I have learnt so much about this period fom so many different perspectives.
I was educated into oblivion but have overcome it and am having a wonderful life
Absolutely. You learn WW2 history through the eyes of Victor Henry, a fine man of good character. Also great insight into the German General's (Ruhn) perspective. You care about the character's lives and are drawn to care deeply about what happened in WW2
Natalie finally boiling over at her uncle's selfishness--yet, without hatred she continues to care for him and respect him.
Pug Henry was a fine man who I'd respect and would like to know. Natalie, because she was a caring person surrounded by egomaniacs -- and even though she sometimes seemed that she could irretrievably become one of them herself, you see her turning into a very fine sensitive young woman as the book comes to a close.
It was so engrossing that I hoped that after getting through it I'd find a reason to put the whole thing aside and not read the next book "War and Remembrance"... alas, I care too much about Pug and Natalie... and maybe Warren and Madelyn.... to not plow into the next book. Thankfully, I know who won the war.
Looking forward to learning about the US's war years in WW2 through the next book War and Remembrance.
I had seen a part of the miniseries quite a few years (decades?) ago and found it interesting but never thought about reading the book. A few weeks ago, I noticed the book here and thought I would give it a try and I'm glad I did. The story was highly entertaining, the characters interesting, and the performance was excellent. I bought the follow on book "War and Rememberance" shortly after starting this book. If you love a great story with characters you care about, buy this book.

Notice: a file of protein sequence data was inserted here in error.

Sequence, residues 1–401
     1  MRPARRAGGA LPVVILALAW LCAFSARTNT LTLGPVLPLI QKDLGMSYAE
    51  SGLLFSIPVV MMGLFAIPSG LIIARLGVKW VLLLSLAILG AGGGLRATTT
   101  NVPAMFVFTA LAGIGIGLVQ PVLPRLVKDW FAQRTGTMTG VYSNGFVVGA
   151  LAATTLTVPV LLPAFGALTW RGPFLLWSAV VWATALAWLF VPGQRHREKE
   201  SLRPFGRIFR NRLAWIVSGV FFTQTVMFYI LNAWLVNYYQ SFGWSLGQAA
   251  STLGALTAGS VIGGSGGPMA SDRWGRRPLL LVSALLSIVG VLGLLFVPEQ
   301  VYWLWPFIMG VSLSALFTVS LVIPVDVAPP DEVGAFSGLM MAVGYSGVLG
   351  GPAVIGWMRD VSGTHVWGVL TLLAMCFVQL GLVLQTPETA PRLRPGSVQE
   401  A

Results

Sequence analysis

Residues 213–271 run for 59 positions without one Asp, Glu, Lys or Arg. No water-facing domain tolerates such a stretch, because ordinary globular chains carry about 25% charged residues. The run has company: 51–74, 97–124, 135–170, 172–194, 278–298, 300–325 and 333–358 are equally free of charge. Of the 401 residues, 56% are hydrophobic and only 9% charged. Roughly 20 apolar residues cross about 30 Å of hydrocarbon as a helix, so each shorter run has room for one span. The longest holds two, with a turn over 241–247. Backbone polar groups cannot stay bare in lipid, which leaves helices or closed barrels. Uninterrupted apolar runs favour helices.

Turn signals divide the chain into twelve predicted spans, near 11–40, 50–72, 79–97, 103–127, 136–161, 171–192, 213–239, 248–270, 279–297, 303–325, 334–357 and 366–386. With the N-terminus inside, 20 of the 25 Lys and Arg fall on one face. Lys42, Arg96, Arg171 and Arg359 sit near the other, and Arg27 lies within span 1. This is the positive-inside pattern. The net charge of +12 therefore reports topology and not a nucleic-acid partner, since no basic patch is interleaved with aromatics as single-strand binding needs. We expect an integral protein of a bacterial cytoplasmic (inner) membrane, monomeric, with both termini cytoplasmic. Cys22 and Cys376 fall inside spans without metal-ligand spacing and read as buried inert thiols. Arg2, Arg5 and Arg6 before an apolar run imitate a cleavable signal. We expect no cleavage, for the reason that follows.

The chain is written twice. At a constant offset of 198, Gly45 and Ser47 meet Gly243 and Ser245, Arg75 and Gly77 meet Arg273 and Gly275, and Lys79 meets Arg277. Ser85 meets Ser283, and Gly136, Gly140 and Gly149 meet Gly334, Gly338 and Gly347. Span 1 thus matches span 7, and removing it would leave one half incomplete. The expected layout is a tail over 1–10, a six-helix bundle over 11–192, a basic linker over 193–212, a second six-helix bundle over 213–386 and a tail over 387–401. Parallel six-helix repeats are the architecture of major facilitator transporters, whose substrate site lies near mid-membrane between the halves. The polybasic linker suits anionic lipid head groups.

Say something about yourself!
If is there a way to give this book more than 5 stars, I would give it. It is not only good, but entertaining, also I learned a lot about World War II history. The author is great; however the best of all was the reader. He is an artist. He made the book alive. I just love it.
The sequel War and Remembrance. I do not remember another book.
Henry the father
Of course Henry the father. He is such an old fashion, gentleman guy. I love him since the very beginning.
This book had a lot going on and at times would carry on and loose me in the story line that did not seem to fit into what was going on. A little to much drama at times.
I think the Destiny of the Republic would compare for me. Both books deal with war, and how people handled the decisions about dealing with war.
Kevin did a good job, he helped me through the boring parts with his easy to listen voice.
Roosevelt, this book grew several questions I would like to ask him.